Ben: In total, how many books have you produced over the years?
John LeMay: Sometime this year I will hit book #20, believe it or not. I think technically I’m already at 20, because I started doing these picture books that are basically throwbacks to the old monster library books of the 1970s. They’re only 44 pages each and are light on information, that’s why I don’t count them. I even warned people on Facebook that they are basically just novelty items produced for fun. The books I speak of include Giant Apes of the Movies, Dinosauruses of the Movies, and Monster Insects of the Movies.
Ben: Could you explain what this latest book is about?
John LeMay: Ah, Writing Japanese Monsters. That was a book I didn’t intend on writing, it just sort of happened. In The Lost Films, in Appendix II, I have a section where I charted significant changes in the development of films that were completed, like Gigan showing up in a draft of GODZILLA VS. MECHAGODZILLA (1974), that sort of thing. But my entries were getting way too long, and I just ended up making them chapters for what I thought would be the 2nd Edition of Lost Films. I think it was when I was researching TERROR OF MECHAGODZILLA (1975) and ATRAGON (1963) I realized that I wasn’t really writing about lost films per se, but was writing about the development of completed films. I had also been collecting bios on people like Shinichi Sekizawa and Niisan Takahashi to include as sidebars in Lost Films 2. I finally figured out the developmental process and the screenwriters could fill a book all its own, and so Writing Japanese Monsters was born.
Ben: Interesting. You actually referred an article a friend of mine published on Godzilla-Movies.com, that being the Ed Godziszewski interview on GODZILLA VS. BIOLLANTE. Was there any particular reason why?
John LeMay: It was just a particularly good, info rich piece. Ed was supposed to do a commentary track for GODZILLA VS. BIOLLANTE, so he did a lot of research on the film. I thought the bit about the NG Godzilla suit was interesting too, which was something I had never heard before.
Ben: Have you contributed to G-Fan?
John LeMay: Yes, my first article appeared in issue #75 and from then on I contributed infrequently. By about 2014 I steadily had articles in it, but not every issue. Now I have one or two articles in every issue.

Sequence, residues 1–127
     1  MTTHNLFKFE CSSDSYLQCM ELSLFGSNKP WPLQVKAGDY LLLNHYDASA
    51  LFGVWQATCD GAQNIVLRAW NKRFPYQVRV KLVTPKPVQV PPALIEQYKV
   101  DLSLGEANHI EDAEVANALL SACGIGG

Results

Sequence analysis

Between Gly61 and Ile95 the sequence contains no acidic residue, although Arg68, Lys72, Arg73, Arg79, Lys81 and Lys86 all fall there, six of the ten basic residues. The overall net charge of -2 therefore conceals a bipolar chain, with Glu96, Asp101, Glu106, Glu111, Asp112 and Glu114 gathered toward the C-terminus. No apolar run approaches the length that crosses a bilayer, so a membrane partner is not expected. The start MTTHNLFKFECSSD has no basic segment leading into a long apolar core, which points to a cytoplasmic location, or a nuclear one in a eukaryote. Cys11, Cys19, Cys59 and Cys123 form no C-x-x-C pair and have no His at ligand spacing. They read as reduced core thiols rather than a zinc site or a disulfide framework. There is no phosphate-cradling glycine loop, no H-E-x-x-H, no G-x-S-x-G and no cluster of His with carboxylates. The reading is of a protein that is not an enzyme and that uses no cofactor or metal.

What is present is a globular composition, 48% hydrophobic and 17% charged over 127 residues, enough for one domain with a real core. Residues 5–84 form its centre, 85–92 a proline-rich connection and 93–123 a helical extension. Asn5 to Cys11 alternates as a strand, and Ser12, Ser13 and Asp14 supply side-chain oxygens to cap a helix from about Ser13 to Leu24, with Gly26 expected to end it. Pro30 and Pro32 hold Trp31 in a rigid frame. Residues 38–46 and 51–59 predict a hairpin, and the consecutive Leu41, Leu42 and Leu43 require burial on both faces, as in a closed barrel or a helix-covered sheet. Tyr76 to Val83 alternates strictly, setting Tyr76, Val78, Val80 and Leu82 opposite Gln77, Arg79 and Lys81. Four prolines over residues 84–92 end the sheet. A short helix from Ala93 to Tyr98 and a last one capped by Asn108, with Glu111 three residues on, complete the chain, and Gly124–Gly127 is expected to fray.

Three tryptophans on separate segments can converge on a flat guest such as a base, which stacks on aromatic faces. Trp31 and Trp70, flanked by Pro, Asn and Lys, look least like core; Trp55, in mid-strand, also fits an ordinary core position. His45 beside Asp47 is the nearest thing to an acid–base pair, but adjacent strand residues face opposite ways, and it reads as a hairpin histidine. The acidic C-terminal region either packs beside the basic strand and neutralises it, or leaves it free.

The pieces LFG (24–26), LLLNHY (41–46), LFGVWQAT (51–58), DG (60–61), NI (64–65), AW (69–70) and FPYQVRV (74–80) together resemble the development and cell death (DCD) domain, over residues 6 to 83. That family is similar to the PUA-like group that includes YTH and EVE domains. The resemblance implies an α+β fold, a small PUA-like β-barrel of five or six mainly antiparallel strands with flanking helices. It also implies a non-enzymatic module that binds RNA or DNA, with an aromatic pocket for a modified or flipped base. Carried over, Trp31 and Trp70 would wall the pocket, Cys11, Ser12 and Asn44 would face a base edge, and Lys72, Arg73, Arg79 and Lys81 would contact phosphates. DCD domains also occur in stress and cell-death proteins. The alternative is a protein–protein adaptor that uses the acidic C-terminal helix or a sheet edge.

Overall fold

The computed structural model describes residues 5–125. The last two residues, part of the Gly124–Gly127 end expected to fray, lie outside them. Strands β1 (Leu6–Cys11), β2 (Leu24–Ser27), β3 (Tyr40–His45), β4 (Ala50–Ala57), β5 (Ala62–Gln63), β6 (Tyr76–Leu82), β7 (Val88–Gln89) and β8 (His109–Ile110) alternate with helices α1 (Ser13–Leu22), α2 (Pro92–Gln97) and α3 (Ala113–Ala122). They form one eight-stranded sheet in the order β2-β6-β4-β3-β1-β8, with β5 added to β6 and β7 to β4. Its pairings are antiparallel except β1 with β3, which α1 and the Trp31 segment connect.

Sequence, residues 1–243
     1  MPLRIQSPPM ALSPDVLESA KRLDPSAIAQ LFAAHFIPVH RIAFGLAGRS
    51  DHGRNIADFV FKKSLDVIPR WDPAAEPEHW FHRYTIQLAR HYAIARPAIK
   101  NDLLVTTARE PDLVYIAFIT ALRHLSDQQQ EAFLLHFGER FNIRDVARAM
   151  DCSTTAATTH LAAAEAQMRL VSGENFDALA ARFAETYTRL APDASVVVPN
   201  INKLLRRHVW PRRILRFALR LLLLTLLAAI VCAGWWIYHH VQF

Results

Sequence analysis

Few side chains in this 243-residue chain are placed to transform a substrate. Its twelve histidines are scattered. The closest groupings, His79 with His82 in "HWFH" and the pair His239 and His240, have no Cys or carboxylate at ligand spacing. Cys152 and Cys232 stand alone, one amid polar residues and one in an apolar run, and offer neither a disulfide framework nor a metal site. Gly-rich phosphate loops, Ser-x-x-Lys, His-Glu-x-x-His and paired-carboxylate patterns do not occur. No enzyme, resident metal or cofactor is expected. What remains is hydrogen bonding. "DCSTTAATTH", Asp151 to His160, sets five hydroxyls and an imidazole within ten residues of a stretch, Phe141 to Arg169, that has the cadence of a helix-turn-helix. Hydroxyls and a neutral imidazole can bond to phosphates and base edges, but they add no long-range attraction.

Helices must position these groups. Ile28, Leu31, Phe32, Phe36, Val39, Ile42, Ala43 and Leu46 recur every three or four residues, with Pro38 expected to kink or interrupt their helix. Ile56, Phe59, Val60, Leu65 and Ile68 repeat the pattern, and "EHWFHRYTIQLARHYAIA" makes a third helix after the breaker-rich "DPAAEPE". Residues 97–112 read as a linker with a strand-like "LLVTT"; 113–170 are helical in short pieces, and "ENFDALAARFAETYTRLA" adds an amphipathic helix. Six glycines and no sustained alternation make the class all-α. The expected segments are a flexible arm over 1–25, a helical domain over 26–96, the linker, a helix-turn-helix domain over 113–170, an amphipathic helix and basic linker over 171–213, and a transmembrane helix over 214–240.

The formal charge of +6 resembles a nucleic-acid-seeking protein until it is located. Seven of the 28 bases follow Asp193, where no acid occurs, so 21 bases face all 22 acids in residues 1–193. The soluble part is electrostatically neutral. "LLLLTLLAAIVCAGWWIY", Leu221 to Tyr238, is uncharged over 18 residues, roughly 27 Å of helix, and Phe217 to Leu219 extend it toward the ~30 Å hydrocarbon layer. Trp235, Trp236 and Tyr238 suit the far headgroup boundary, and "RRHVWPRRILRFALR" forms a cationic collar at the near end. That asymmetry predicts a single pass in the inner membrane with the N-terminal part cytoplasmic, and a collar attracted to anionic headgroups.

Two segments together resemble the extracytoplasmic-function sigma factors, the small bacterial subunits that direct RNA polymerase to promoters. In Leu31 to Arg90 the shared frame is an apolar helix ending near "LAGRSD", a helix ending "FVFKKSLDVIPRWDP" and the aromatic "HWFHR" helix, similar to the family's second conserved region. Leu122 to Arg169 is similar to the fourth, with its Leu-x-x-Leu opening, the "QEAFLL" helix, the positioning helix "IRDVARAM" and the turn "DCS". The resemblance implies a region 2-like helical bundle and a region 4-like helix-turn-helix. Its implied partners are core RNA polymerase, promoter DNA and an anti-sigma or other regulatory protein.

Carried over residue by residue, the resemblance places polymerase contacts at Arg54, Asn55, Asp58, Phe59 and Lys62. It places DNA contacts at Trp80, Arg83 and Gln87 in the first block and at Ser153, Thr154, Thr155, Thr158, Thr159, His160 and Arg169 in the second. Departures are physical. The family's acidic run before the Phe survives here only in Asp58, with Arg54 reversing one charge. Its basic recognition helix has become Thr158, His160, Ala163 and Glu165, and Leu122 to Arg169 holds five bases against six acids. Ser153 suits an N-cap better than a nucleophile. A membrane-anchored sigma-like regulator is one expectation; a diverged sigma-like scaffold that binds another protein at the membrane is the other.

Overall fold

Ben: What has been the reception for each of your books as of late?
John LeMay: The Lost Films and Kong Unmade have had overwhelmingly positive reviews, whereas The Big Book of Japanese Giant Monster Movies review books are more down the middle. I’ll occasionally get negative reviews on those, but the lost films stuff is 100% positive so far. Terror of the Lost Tokusatsu Films was also well received by those who purchased it, but that one doesn’t have “Gujiller” in it, so it doesn’t sell as many copies by comparison. I haven’t gotten any feedback on the newest one yet outside of test readers, those being Mike Bogue, Neil Riebe, Allen Debus and J.D. Lees. On the note of J.D., full disclosure, if you subscribe to G-Fan you’ve already been reading beta-chapters from Writing in the form of all those “Secret History of” articles that I do (one of them got a Rondo nomination for best article of the year too, which kinda surprised me).
Ben: Got anything else in the pipework?
John LeMay: I think I’m about done with Japanese monster books for a while except one. I’m doing a book that compares the different cuts of the movies like the old articles from G-Fan and Kaiju-Fan long ago, but this one will cover everything. Even obscure stuff, like the German version of LEGEND OF DINOSAURS, etc. But lots more genre books. The next one should be out this summer and I’m tentatively calling it Jaws Unmade and The Children of Jaws. It’s about unmade JAWS sequels, unmade sequels to JAWS ripoffs, and JAWS ripoffs in general. Due to quarantine boredom I also started The Lost Films Fanzine which should be available by the time that people are reading this. The first issue leans a little heavy on Japanese movies, but the second issue forwards is more diverse. The fanzine will cover a little bit of everything, lost James Bond and Tarzan films, unmade comic book movies, you name it.
Ben: Have you ever considered writing up anything on Ultraman or Super Sentai?
John LeMay: That’s funny; my friend Kyle Byrd asked me that yesterday! I want to, but Super Sentai, Ultraman, Kamen Rider… there’s just too much! What I really want is for someone else to write about it and then I’ll buy their book haha. But, I do cover some unmade Ultraman stuff in my books. The second edition of Lost Films has a brand new appendix devoted just to lost TV concepts and lost Ultraman episodes. (I’m finally just now watching Kamen Rider and Super Sentai on TokuShoutsu… not all of it, just an odd episode here and there when I can.)
Ben: Finally, do you have any advice for those who would want to write their own book someday?
John LeMay: If it’s a guide/review book just do it! I enjoy reading different people’s takes on the genre and knowing why they do or don’t like a certain film. It’s part of fandom. But if you want to do something special, try to find an angle that nobody else has explored yet. Like Super Sentai and TV Tokusatsu, nobody has really done that yet.
Ben: Thank you for this interview, John. Look forward to other publications that you will produce.
John LeMay: Thanks, Ben!